PRETORIA – SOUTH African financial markets recorded steady recovery during January.
Higher returns on bonds and listed property shares surprised investors, and the rand had one of its strongest recovery months in more than a year.
Foreign sentiment towards South Africa is improving and more and more signs of a steady recovery of the economy are emerging.
The news on Thursday that the US Federal Reserve (Fed) turned dovish and foresaw a strong possibility that no further increases in US interest rates were on the cards also fuelled renewed risk appetite for emerging markets assets.
South African bond yields dropped to an eight-month low. Local-currency bonds returned 7.8 percent during January alone, the strongest on the globe.
The announcement on Friday that US hiring of workers in January topped all forecasts and that wages cooled down, supported stock markets. Non-farm payrolls increased by 304 000, the most in a year.
The US government shutdown, nevertheless, pushed up the unemployment rate to 4 percent from 3.9 percent in December.
The Fed’s decision to keep US interest rates unchanged for now as well as the healthy job data boosted shares on Wall Street and most of the early losses in the month were recovered.
The Dow Jones industrial index lost more than 13.23 percent from the beginning of October up to Christmas. Since the beginning of the year the index has recovered again by more than 7 percent, staying almost flat over the last three years.
On the JSE, almost all indices recorded a steady and more stable growth during the first month of 2019. The all share index gained by 2.7 percent, and recorded a healthy 3.4 percent rise over the last three months.
The industrial 25 index (given the big weight of rand hedging stock), despite the stronger rand, improved by 0.9 percent for the year-to-date and 2.3 percent since the beginning of October.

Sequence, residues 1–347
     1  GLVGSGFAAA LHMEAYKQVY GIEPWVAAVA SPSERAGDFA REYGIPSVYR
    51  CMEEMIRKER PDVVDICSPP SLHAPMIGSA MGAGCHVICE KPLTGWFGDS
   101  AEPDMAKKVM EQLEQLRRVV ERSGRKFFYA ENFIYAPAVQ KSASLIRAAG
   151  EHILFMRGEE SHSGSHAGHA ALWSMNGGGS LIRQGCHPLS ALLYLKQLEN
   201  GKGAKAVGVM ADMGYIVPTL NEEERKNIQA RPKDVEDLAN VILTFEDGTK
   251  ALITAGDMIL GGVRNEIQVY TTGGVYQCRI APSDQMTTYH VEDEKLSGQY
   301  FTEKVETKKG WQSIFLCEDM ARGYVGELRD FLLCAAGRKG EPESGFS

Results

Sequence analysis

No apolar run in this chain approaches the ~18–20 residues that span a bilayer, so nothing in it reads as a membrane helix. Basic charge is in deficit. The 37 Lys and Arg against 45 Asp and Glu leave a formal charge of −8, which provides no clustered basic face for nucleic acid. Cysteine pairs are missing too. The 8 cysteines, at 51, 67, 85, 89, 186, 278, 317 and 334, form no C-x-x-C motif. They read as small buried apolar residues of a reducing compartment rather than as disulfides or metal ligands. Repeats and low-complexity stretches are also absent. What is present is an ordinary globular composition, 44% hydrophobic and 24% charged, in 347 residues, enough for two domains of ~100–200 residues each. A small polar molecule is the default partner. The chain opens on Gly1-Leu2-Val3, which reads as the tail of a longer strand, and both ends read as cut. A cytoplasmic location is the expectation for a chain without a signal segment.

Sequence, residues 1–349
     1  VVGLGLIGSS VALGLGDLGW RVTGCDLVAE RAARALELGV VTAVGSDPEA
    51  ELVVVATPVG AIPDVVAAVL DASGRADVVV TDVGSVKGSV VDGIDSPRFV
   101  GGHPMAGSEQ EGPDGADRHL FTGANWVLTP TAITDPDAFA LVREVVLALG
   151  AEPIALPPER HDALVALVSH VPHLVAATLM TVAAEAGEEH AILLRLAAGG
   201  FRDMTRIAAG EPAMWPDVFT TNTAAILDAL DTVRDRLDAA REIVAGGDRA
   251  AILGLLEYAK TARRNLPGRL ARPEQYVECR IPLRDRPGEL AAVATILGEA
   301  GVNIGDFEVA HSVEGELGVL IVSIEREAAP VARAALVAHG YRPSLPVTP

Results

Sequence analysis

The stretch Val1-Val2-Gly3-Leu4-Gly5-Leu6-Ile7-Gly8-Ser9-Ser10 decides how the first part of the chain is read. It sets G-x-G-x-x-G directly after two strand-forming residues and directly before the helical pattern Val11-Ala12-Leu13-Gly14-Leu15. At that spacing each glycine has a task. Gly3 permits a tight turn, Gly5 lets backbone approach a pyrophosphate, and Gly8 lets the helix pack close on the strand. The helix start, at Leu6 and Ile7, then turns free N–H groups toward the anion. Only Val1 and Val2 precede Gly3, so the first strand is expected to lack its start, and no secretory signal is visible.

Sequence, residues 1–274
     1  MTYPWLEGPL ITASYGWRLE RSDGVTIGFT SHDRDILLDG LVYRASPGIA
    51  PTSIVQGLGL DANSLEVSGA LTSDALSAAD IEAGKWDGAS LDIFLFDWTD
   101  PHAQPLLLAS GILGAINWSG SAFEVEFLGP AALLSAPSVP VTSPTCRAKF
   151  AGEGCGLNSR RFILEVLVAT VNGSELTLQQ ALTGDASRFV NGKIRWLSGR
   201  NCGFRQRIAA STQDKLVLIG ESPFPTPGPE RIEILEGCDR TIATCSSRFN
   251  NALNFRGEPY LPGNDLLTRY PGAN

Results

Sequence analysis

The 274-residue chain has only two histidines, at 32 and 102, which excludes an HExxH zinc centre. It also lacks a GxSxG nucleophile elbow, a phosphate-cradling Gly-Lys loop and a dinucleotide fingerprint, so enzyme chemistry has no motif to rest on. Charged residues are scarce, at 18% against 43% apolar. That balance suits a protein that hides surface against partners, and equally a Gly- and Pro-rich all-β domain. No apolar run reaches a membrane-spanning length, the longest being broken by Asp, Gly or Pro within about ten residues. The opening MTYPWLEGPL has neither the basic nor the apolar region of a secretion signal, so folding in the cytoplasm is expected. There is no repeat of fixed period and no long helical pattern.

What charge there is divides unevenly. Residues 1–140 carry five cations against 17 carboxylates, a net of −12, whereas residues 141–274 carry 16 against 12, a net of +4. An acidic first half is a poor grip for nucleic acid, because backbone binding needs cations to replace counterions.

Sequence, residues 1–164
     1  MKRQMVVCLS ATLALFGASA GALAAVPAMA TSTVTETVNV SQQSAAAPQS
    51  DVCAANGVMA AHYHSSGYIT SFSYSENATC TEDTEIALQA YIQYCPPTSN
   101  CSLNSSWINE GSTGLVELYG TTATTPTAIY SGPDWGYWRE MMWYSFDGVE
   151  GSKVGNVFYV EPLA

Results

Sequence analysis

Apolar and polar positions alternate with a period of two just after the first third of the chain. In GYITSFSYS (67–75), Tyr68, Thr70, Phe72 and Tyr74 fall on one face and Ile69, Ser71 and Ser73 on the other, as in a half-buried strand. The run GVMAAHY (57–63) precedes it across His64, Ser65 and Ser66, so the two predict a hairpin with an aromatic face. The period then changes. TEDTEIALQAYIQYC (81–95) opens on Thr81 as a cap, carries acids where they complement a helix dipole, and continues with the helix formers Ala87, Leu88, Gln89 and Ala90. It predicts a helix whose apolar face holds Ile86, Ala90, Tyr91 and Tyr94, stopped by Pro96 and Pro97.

In the same manner, the resources index increased by 2.7 percent during January and 1.9 percent over the quarter to date.
Financial and listed property shares, however, were the major gainers. The financial 15 index improved by 6.8 percent during January, advancing by 5.2 percent over the last three months. Listed property, after losing more than 25 percent in 2018, bounced back strongly by 9.2 percent last month and gained 10.5 percent since the beginning of October.
Given signs of lower global risks on emerging economies, the rand had one of its strongest months over the last year. The rand/dollar exchange rate improved by 8 percent since the beginning of the year, trading at levels lower than R13.30 to the greenback last Thursday.
The local currency appreciated by 7.4 percent against the euro since the end of December 2018, touching the R15.24 level on Friday. Against the pound, the rand also moved stronger during January by almost 5 percent, trading last Friday at R17.43.
This week, investors await the release of the Sacci business confidence index for January.
The SA Reserve Bank will announce the latest level of foreign exchange reserves, while Standard Bank will publish its latest Purchasers Managers Index (PMI).
On the global markets, the attention will turn to the release of various countries’ employment data, retail sales, PMI indices and interest rate decisions by some central banks across the globe.
Chris Harmse is the chief economist at Rebalance Fund Managers. The views expressed here are his.